Jefe Juan’s on Wharf Street

Portland Mash Tun owner Ricky Binet has leased 1160 sq ft of space at 47 Wharf Street where he plans to open a 24-seat Mexican restaurant called Jefe Juan’s. The restaurant is named after Portland Mash Tun chef Juan Cordero and will serve a menu of “a few of Juan’s favorite recipes”.

As part of the liquor license application Binet has provided a draft menu (page 104) that includes burritos (pork, beef or chicken), a cheese plate, chips and salsa, salads, a lobster roll, and a “Mexican Lobster Cocktail”.

Italian Restaurants in Flux

This seems to be the year when the landscape of Italian restaurants seem to be in flux. For those of you trying to keep track, here’s what’s happened so far:

There are still 3 months left in the year so who knows what other news may emerge.

JP’s Bistro Moving to Falmouth

The Press Herald reports that JP’s Bistro is moving to Falmouth.

Chef/owner John Paul Gagnon says he’ll be closing his namesake Portland restaurant on Oct. 12 and hopes to re-open the first week of November at 204 U.S. Route 1 in Falmouth. That’s the former location of Hugs Italian Restaurant. (The Hugs restaurant at Sugarloaf remains open.) Gagnon says the new space will have more room, more and better equipment, and — he hopes — more customers. 

9-Seat Ramen Bar Coming to Washington Ave

A new 9-seat BYOB ramen shop is under development. Named Ishi Ishi Ramen (instagram) it will be located on Washington Ave in The Black Box space that will be vacated when The Cheese Shop moves to larger quarter—filling the gap in the East End line-up of restaurant left when Ramen Suzukiya closed in 2018.

Owners Matthew De Fio and Andrew Doolittle hope to open in November/December when they will serve three different ramens to start with, and offer both gluten-free noodle and CBD options on the menu. Ishi Ishi will also have prepared ramen ready to go. The owners are planning for the shop to be a cellphone-free zone.

De Fio spent 3 years working at Ramen Tatsu-ya in Austin Texas and has worked in Maine at Enoteca Athena and Vessel and Vine in Brunswick and running his own fresh pasta enterprise Il Dono. Doolittle is the owner of Pot and Pan Kitchen.

Osteria Radici Moving to Portland

New Jersey Monthly reports that Randy and Ally Forrester are moving their restaurant, Osteria Radici (website, facebook, instagram), from Allentown to Portland, Maine. The 24-seat Osteria Radici has been a James Beard semifinalist for Best Chef in the Midatlantic both years they’ve been in business and on the New Jersey Monthly list of the 30 best restaurants in the state.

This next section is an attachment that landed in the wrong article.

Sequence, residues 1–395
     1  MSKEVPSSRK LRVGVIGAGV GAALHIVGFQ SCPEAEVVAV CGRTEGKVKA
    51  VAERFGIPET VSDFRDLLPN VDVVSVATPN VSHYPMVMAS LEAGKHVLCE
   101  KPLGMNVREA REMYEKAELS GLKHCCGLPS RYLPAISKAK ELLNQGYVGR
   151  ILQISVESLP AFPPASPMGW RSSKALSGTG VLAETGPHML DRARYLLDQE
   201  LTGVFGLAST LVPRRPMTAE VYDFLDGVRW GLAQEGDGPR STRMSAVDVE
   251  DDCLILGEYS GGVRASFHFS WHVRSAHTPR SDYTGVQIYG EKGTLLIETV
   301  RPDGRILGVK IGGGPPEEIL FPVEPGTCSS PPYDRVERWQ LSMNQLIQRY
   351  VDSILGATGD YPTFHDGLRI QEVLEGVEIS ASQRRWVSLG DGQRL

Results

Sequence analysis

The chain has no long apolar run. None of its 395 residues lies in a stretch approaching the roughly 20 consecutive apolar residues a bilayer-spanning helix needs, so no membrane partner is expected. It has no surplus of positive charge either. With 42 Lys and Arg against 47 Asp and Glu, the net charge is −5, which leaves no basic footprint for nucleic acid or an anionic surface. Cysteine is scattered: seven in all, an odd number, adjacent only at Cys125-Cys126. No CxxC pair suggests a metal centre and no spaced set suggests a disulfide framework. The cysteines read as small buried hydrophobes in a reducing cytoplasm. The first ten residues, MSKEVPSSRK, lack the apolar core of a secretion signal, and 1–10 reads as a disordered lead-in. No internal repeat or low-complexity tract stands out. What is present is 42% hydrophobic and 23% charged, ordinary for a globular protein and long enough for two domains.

The Forresters shared that they’ve found “lot to love about Portland” but  what they “look forward to most is getting to engage with guests who are excited to eat” and always eager to learn more. They were taken by the “energy we saw there, every time we ate whether it was Cong Tu Bot, Central provisions, Fore Street, Lio or places like Maine and Loire and Maiz”. Growing their business in that environment is the reason they decided to move their lives and their business to Portland.

Chef Forrester  is focused on “hyper-regional Italian food from the north to the south” to “highlight these regions in a more modern light” that lets Radici “showcase what Italian food is right now, not generations ago.” With Osteria Radici in Portland the couple wants to deliver thoughtful food and drink in an approachable comfortable environment.

The Forresters are currently looking for the right location and hope to open to their new Portland restaurant this coming spring.

Mast Landing Expands in Westbrook

Mast Landing (websitefacebookinstagram) has expanded with a new 20,000 square foot facility located on Saco Street in Westbrook that has begun production this month. The new brewery will more than double their production capacity from 4,500 to 11,000 barrels of beer.

…outfitted with a 30bbl brewhouse and a set of 13 fermentation vessels of varying sizes. Mast Landing’s new production-only location sits on Saco St. in Westbrook, just over a mile away from their HQ on Main Street. The brewery’s original location will continue to house their popular tasting room as well as specialized mixed fermentation and wild ale projects, while the bulk of the brewing and packaging heads down the street.

The new building won’t immediately be open to the public, “but down the road it could open up opportunities for tours, tastings, and other unique experiences.” In addition to the new building, Mast Landing also plans a renovation of the tasting room at their original location on Maine Street in Westbrook in the future.